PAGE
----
I left Glasgow a little later than expected.
Hannah had planned on making a Sunday trip to Edinburgh with me but later decided her crew wasn’t up for it. A sound, alternate plan was made, and, after Edith’s nap, we were to experience Scottish dancing on the front grounds of a nearby Glasgow museum.
On the walk to the museum, Magnus took a tumble. The dancing outing was then also deemed as an activity the crew wasn’t up for. They needed to go back to the house, and I decided to walk to the train station and go onto Edinburgh. I said good-bye to Hannah and kissed Edith’s sweet baby head.
The train ride from Glasgow to Edinburgh is under an hour, and the trains come every fifteen minutes. My train at three on a Sunday afternoon was completely full.
My hostel was directly across the train station, but it still took almost thirty minutes to drop off my backpack and walk to the castle.
When I tried to buy my ticket for the castle, the woman at the window cautioned against it.
“Come back tomorrow. We recommend at least two hours, and we close at six.”
I’d checked earlier and the last admission was at five, but I didn’t push it. With a hefty entrance fee of £18.50, I rather not rush. I’d see the inside another time.
In the spring of 2013, we thought there was a good chance of landing in Edinburgh after Princeton. It wasn’t meant to be, but the job talks and conferences have given Errol a decent base of Edinburgh knowledge. He gave me specific instructions on what Scotch to try and where to drink it.
I did a lot of wandering around. It’s a pretty magical city.
I found St. Giles Cathedral and went in for their 8 o’clock evening service. I was ready to hear a rhythmic Scottish brogue, but, instead, the service was given by a young man from Arkansas.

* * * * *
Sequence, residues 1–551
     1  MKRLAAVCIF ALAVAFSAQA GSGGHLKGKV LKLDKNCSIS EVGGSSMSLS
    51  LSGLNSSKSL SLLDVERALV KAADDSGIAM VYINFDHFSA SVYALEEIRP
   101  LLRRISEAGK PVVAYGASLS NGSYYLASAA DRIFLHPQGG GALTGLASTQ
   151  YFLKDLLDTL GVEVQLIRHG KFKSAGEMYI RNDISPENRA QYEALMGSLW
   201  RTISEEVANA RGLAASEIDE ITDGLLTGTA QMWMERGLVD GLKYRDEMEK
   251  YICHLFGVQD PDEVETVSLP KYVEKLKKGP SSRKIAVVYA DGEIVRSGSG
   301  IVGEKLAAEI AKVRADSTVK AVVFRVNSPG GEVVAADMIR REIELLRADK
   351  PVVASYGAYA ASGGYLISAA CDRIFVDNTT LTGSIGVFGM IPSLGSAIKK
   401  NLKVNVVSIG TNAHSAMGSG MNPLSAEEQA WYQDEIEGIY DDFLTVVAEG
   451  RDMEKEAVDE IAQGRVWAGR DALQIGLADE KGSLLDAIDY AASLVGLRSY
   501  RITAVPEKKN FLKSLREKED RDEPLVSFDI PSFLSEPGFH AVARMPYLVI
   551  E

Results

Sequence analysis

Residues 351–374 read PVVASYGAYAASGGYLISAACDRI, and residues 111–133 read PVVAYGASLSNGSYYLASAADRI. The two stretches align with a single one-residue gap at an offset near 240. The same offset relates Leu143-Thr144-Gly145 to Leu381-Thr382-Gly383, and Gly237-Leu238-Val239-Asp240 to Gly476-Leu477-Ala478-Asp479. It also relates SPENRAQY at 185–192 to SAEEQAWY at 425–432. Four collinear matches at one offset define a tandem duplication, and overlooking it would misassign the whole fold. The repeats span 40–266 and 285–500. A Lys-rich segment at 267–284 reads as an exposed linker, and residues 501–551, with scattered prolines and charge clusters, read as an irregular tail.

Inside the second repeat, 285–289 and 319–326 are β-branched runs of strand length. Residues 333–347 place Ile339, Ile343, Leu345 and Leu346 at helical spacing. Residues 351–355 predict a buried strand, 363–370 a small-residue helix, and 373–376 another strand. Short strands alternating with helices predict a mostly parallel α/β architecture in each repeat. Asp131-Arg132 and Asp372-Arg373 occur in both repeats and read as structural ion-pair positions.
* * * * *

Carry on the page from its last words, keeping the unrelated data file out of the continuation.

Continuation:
When I got back to the hostel, most of the twelve beds in my room were full. Two girls, sitting on the top beds of triple-stacked bunks were chattering in Australian and Canadian accents. I joined in when the Canadian asked about my yellow shoes. It’s fun to trade stories and hear each others’ tales.
Unlike other hostels stays I’ve made this year, it seemed like everyone was going to bed instead of going out around ten. I gave a preemptive apology about having to leave super-early the next day. They were all gracious, but, hopefully, I didn’t wake anyone up this morning.
I took a bus to the airport at 5:20 a.m. The bus stop was conveniently located diagonally across the street from the hostel on Waverley Bridge. Lots of the cities we’ve visited this year have saddled us with airport surcharges on public transportation or have expensive airport train lines. My opinion of Edinburgh inched even higher when the airport bus that runs 24 hrs/day only cost £4.50.
I feel confident I’ll be back in Scotland soon. Hannah cooks for me like no other, and now I can say I love Glasgow and Edinburgh.
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Anne Thomsen lord
Writings on our year abroad.